Elena Karnaukhova: Well, let’s imagine the Americans are not afraid of anything in general and of our nuclear capability in particular. But, firstly, why did this happen, for Russia continues to retain a nuclear arsenal capable of destroying the United States? Moreover, nuclear threshold has been significantly lowered in both countries. Secondly, okay, Americans are not afraid of Russia now, but they are afraid of the DPRK, whose nuclear arsenal is incomparably smaller than ours. Does it have any rational explanation?

Dmitry Trenin: Fears of the DPRK’s nuclear missile program have significantly subsided today. There are two reasons. Firstly, the regime in Pyongyang and its head are seen as more rational actors than their caricatures, which were propagated in the United States in the years preceding the beginning of the era of great power rivalry. Secondly, these fears themselves were a convenient veil behind which the United States strengthened its military potential aimed at China. The main thing is that now Washington has much more powerful and serious opponents than North Korea. Finally, there is a factor of mass media. Both glossing over Russia’s strategic capabilities and promoting hysteria about the growing arsenal of DPRK result from the work of the media, whose primary goal in the United States is not to provide trustworthy information to the public but to act as a political player with own interests and agenda. 

When we say that someone has lost fear we mean public opinion. It is shaped largely by mass media. In most Western countries, which have completely delegated their security to Washington, both political circles and governments have lost their fear. Having shifted all responsibility to the senior ally, they themselves became irresponsible. Washington is another story. In the US we still see the elements of realism at the level of the government and the military elite. Yes, US officials have stated the goal of inflicting a strategic defeat on Russia in Ukraine. This goal implies an extremely risky strategy. At the same time, the United States is obviously afraid of two things. The first one is the direct involvement of its troops and forces in the war in Ukraine, and the second one is the escalation of the conflict to the level of strikes with the use of strategic nuclear forces. Hence, the US resorts to the tactics of small steps, with constant testing of how far one can go on the path of involvement in the war but without exposing oneself to unacceptable risks. So far, the conflict continues to escalate, and the growing likelihood of attacks by Russian armed forces on NATO countries puts the United States before a very difficult choice whether to ensure its own security at the cost of refusing from the assistance, which the allies count on, or to be fully involved in the conflict, but that will lead to death of the most of humanity, including the United States itself.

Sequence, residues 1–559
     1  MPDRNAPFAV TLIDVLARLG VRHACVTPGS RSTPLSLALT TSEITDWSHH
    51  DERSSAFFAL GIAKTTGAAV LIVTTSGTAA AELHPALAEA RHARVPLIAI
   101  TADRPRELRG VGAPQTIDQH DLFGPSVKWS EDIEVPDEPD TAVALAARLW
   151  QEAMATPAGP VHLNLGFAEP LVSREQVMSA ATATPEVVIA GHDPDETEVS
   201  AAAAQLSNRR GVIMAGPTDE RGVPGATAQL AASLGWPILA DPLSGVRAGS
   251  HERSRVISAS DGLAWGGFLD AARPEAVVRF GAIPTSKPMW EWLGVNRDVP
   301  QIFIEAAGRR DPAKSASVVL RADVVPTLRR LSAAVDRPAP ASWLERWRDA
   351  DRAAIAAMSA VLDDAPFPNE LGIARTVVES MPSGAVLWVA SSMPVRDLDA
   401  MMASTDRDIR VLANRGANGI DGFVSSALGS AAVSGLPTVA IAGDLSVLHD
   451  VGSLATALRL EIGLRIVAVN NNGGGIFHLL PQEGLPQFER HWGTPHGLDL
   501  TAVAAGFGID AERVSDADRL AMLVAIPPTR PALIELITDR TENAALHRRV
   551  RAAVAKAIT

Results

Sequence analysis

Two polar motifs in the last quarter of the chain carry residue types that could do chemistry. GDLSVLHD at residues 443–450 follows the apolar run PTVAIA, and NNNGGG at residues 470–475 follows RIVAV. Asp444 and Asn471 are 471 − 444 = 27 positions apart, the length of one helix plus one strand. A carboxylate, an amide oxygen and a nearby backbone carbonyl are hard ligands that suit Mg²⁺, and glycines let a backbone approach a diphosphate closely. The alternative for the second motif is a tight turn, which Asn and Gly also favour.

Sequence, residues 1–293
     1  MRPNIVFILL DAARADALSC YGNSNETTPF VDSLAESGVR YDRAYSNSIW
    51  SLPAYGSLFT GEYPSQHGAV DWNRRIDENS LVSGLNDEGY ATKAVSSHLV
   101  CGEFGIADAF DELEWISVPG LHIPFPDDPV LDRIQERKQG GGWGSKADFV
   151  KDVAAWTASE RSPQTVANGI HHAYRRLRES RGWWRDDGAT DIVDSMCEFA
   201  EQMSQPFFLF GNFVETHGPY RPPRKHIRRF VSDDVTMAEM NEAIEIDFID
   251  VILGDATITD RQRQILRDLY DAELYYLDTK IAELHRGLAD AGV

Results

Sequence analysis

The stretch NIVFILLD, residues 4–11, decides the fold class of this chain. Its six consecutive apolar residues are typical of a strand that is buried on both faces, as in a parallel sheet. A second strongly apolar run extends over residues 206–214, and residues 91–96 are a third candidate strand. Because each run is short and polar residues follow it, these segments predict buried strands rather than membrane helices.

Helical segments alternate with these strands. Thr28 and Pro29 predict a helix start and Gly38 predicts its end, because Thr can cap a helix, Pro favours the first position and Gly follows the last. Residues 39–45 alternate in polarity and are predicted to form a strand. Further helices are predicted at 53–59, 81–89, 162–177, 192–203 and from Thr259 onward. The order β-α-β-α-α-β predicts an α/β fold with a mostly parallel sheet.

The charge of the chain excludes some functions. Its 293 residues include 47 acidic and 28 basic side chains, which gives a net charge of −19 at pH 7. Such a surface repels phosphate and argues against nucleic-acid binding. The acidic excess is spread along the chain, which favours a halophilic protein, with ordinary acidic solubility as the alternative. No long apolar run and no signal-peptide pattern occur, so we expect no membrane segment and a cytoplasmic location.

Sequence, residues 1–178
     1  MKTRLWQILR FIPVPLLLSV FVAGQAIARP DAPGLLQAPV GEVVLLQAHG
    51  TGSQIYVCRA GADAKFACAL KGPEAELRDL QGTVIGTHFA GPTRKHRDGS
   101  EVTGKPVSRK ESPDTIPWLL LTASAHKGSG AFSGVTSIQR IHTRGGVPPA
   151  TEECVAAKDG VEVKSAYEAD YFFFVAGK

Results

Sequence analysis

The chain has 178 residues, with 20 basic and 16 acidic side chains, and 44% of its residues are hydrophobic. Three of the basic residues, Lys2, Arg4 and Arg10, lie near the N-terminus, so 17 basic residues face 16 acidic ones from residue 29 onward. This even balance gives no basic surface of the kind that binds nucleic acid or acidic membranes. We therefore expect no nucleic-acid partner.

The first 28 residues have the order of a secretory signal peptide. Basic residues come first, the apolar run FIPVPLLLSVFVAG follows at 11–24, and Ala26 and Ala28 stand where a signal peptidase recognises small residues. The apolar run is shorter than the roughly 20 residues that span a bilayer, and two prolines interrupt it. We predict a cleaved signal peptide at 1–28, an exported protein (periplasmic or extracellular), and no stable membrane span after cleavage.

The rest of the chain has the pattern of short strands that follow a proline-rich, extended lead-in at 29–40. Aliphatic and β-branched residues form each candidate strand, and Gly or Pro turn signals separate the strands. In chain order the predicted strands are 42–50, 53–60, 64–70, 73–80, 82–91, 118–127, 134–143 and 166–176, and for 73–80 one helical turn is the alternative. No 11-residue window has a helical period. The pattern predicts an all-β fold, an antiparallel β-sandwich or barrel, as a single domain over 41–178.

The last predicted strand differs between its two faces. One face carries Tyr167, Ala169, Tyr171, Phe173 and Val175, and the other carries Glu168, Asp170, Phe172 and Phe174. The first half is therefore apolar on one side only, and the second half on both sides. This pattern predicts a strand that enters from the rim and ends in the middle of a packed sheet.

Elena Karnaukhova: I would like to touch upon TPNW again. Would it be right to consider this Treaty has come as a result of frustration of non-nuclear weapons states with little progress in nuclear disarmament, or as an initiative promoted by the US in order to achieve disarmament of other states on a global scale? It seems rather odd that the US officially rejects TPNW, but many American nongovernmental organizations or foundations actively support this Treaty. When you go to their websites, you can see that they heavily finance the projects related to stigmatization of nuclear weapons.

Dmitry Trenin: The Treaty on the Prohibition of Nuclear Weapons was largely generated by the frustrations of non-nuclear weapons countries due to the fact that the nuclear powers, who have committed themselves in accordance with the NPT to eventually abandoning nuclear weapons, are not in a hurry to do so. This disappointment is understandable. But it is unclear for me what can replace nuclear deterrence, i.e., the threat of mutually assured destruction, as a factor that dramatically reduces the likelihood of a direct military clash between the states with the largest nuclear arsenals. However, from the point of view of some American experts, a nuclear-free world (which the Soviet leader Mikhail Gorbachev actively promoted in 1986) is a world of the military dominance of the United States, whose military budget exceeds aggregate military expenditures of a dozen of the world’s leading military powers. The American administration, however, is cautious: after all, it cannot be completely ruled out that someone somewhere will hide nuclear weapons and will be able to blackmail the rest of the world with them, including the United States themselves.